“We don’t mind some regulations, as long as they are not excessive,” said Abdus Setiawan, a board member at the Indonesia Tobacco Growers’ Association. Setiawan said he already considers emblazoning cigarette packs with the message that “smoking kills” to be “excessive.”

To become law in Indonesia, the tobacco bill has to be agreed between the government and the parliament. President Joko Widodo agreed in March to start discussions on the bill with the parliament, but it is unclear when the president will make a decision.

$17 BILLION INDUSTRY

Indonesia, a country of 250 million and the biggest economy in Southeast Asia, is attractive for major cigarette companies at a time when growth is slowing in more developed markets.

Indonesia produced 269.2 billion cigarettes in 2015, while the total market was valued at 231.3 trillion rupiah ($17.3 billion), according to research firm Euromonitor International.

Philip Morris International Inc and British American Tobacco PLC have controlling stakes in local cigarette makers PT Hanjaya Mandala Sampoerna Tbk and PT Bentoel Internasional Investama Tbk, respectively.

Other major domestic players include PT Gudang Garam Tbk and privately held Djarum Group.

Regulations for the industry have been poorly enforced and some companies target young Indonesians with new products such as fruit-flavored cigarettes or clever advertising, activists say.

“A lot of advertisements here send the message that if you don’t smoke, you’re not macho, you’re not cool,” Muhammad Khanavi, a 14-year-old student, said on the sidelines of an anti-smoking event to mark World No Tobacco Day on Wednesday.

($1 = 13,321.00 rupiah)

(Editing by Ed Davies and Bill Tarrant)

Indonesian tobacco watchdog urges govt to sign FCTC to protect people

Ahead of World No Tobacco Day on May 31, the National Commission on Tobacco Control (Komnas PT), a coalition of organizations that has been staunchly campaigning on tobacco issues in Indonesia, has asked the government to draft a comprehensive regulation on tobacco control to protect society.

http://www.thejakartapost.com/news/2017/05/30/indonesian-tobacco-watchdog-urges-govt-to-sign-fctc-to-protect-people.html

Komnas PT chairman Prijo Sidipratomo said on Tuesday that the most important thing was for the government to immediately sign the Framework Convention on Tobacco Control (FCTC) to protect society from the dangers of smoking.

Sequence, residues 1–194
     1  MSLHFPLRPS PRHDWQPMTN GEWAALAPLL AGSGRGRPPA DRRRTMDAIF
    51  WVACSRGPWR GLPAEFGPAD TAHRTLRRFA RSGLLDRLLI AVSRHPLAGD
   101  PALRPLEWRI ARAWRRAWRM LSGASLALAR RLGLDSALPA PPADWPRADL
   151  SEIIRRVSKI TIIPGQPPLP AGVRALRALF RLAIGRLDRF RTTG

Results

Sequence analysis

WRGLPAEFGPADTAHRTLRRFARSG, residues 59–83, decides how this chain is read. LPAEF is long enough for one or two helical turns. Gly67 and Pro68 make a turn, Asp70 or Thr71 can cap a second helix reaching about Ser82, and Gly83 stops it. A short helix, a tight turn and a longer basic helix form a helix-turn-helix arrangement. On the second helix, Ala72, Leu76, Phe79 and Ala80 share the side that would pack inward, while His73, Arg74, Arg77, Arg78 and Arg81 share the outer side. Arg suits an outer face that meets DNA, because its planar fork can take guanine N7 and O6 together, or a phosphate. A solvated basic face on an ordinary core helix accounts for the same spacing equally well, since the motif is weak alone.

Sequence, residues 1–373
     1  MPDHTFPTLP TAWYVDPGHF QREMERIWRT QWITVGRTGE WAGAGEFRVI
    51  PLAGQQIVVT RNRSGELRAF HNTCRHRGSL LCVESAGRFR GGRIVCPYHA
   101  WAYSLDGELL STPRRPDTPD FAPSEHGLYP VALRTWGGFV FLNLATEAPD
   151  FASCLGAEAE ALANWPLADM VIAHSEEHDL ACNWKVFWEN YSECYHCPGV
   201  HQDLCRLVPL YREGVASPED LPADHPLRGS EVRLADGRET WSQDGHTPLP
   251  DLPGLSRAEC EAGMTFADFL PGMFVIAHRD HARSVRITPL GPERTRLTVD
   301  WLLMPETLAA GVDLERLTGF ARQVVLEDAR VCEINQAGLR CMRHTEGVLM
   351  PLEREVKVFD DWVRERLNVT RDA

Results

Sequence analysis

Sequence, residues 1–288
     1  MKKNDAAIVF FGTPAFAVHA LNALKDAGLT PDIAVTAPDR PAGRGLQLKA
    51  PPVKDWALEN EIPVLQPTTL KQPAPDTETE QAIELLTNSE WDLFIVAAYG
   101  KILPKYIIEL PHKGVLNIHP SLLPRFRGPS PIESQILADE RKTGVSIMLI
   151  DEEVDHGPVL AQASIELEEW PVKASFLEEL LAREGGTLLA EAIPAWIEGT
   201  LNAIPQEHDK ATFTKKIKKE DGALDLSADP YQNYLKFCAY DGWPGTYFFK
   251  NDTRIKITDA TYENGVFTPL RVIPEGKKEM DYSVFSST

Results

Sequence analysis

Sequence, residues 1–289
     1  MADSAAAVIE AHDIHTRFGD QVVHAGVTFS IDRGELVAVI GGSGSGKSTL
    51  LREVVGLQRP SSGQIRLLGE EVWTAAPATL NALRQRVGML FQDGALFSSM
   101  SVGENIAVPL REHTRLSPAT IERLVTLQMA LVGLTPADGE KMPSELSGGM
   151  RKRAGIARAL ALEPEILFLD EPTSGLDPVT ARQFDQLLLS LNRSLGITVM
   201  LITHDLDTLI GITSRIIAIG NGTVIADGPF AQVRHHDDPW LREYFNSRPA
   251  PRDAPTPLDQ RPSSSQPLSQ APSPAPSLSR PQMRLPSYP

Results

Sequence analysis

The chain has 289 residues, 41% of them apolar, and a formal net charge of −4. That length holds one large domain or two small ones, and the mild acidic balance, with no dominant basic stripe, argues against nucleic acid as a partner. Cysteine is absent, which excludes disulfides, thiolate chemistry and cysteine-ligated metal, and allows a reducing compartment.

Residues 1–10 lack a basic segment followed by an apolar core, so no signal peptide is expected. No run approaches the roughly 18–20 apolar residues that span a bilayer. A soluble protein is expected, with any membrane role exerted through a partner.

“Second, the existed tobacco bill that is being discussed by the government and the House of Representatives must be dropped,” Prijo asserted in a press statement.

Prijo said the demand was in line with President Joko “Jokowi” Widodo’s statement in February during the 2017 National Health Meeting, saying that we should not let the money that was supposed to increase children’s nutrition to be instead used to buy cigarettes.

The Komnas PT asked every party to join hands to protect the young generation from the dangers of nicotine addiction that could degrade the nation’s productivity.

Without a comprehensive regulation, more than 250 million people are left unprotected when facing the dangers of the cigarette industry that always looks for profits while harming the environment, economy, society and human rights, he added.

The commission criticized the House for wanting to delete the existing article declaring a “total ban of cigarettes advertisement in broadcasting” in a revision of the Broadcasting Law. (hol/dan)

Indonesian teachers group declares anti-tobacco stance

Ahead of World No Tobacco Day on May 31, Indonesia’s largest teachers group signed on Wednesday a declaration to underline the role of educators in supporting measures for tobacco control.

http://www.thejakartapost.com/news/2017/05/24/indonesian-teachers-group-declares-anti-tobacco-stance.html

Created by the Indonesian Teachers Association (PGRI), the declaration consists of six points, which include teachers’ commitment to “protect students from the dangers of smoking” and “oppose CSR [Corporate Social Responsibility] campaigns from the tobacco industry.”

Teachers also called on the government to create a comprehensive tobacco control regulations to curb cigarette consumption.